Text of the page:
Balancing the Water


Before adding your sanitiser (which will either be Chlorine or Bromine), you need to ‘balance the water’. This means you need to get your PH and Alkalinity (TA) levels right first. Whether you’ll need to be using PH+, PH- or TA+ will depend mostly on where you live. Different areas of the UK have varying types of water, for example in North Wales we tend to need PH+ and Alkalinity+ (TA+) where areas of England are the complete opposite. Check your PH and Alkalinity levels on a weekly basis.


PH


It is a good idea to aim to get your PH level between 7.4 and 7.6. If the values are below this range the water will be too acidic, thus eating away at hardware and will likely irritate your skin and eyes. If the values are above this range then the water will reduce your sanitisers effectiveness, which will make your water prone to cloudiness.


Alkalinity


For the Alkalinity it would be advisable to aim for a range between 80 – 120 parts per million (ppm). If the Alkalinity gets too high, there is a danger for scaling and cloudiness to occur.


How to add chemical


Stop! Dissolve the chemical before putting it into the hot tub!


When it comes to adding any chemical into the hot tub you should always pre dissolve it into a jug of warm water (yes you can give them a stir, but do not mix them with other chemicals). Then stick the pumps on and add into the filter housing, it’s always a good idea to wait at least 10 minutes before testing the water again and remember, whilst you’re a beginner it’s better to add too little than too much. It’s easier to add more chemical than it is to remove it.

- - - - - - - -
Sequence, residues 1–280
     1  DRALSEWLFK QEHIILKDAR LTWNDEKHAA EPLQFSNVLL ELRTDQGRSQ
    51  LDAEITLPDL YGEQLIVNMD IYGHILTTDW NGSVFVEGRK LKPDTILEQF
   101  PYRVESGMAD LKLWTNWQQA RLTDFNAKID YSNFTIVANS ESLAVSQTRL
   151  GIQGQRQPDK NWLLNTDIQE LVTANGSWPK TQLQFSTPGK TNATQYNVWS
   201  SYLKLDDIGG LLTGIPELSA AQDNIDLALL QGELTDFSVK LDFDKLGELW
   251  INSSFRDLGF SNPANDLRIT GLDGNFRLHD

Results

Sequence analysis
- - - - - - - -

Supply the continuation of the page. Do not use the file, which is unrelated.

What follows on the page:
Sanitiser Chlorine/ Bromine

Okay, you’ve balanced your water, congrats… now for the sanitiser. Whether you’ve decided to opt for Bromine or Chlorine the principles are the same, these are the chemicals which are there to kill the bacteria in your hot tub and keep you safe. So, it’s very important that you always have a good level of these in your spa water at all times, because otherwise your hot tub will turn into a breeding ground for god knows what- nobody wants to bathe in pond water.


Repeat the same process as above with pre dissolving your granules into a jug of warm water and add into the filter housing whilst the pumps are on.

Now then, a question we get quite a lot is ‘do I really need Chlorine/ Bromine granules if I use the tablets’ the short answer is yes, yes you do. We class granules as a boost, if there’s 4 of you splashing about in the hot tub and you all get out, whilst you step out of the hot tub you’re actually taking Chlorine/ Bromine out with you (hence why we advise you to shower afterwards). Now, the danger is that if you went back to test the spa water, you may be out of sanitation. This is where your granules come in, you’ll use this to bring your sanitation levels back up to where they need to be. One thing which is important to understand is this: the more bacteria that is in the water, the harder your sanitation needs to work which will affect the speed of which it is used up.


Well… then, why do you need tablets? Your tablets will generally be kept in a ‘chemical dispenser’, or ‘floater’ as we like to call them, just don’t go shouting about how you left a floater in your hot tub. You may very well get some funny looks. So, the tablets are therefore used as a means of maintaining the required level of sanitation in the spa (please remove this when using the hot tub). A good use for this is if you’re going away for a few days, throw a floater in, stacked full of tablets and you can rest easy knowing that your hot tub water will be in tip top condition when you arrive back.


Good Practice


We would recommend that for the first few weeks at least, that you test the hot tub before you go in and once you come out. By doing this you’ll be able to get a general feel of how your use of the tub affects the Chlorine/ Bromine levels. Once you’ve got the hang of this, you can reduce the frequency of which you test the hot tub.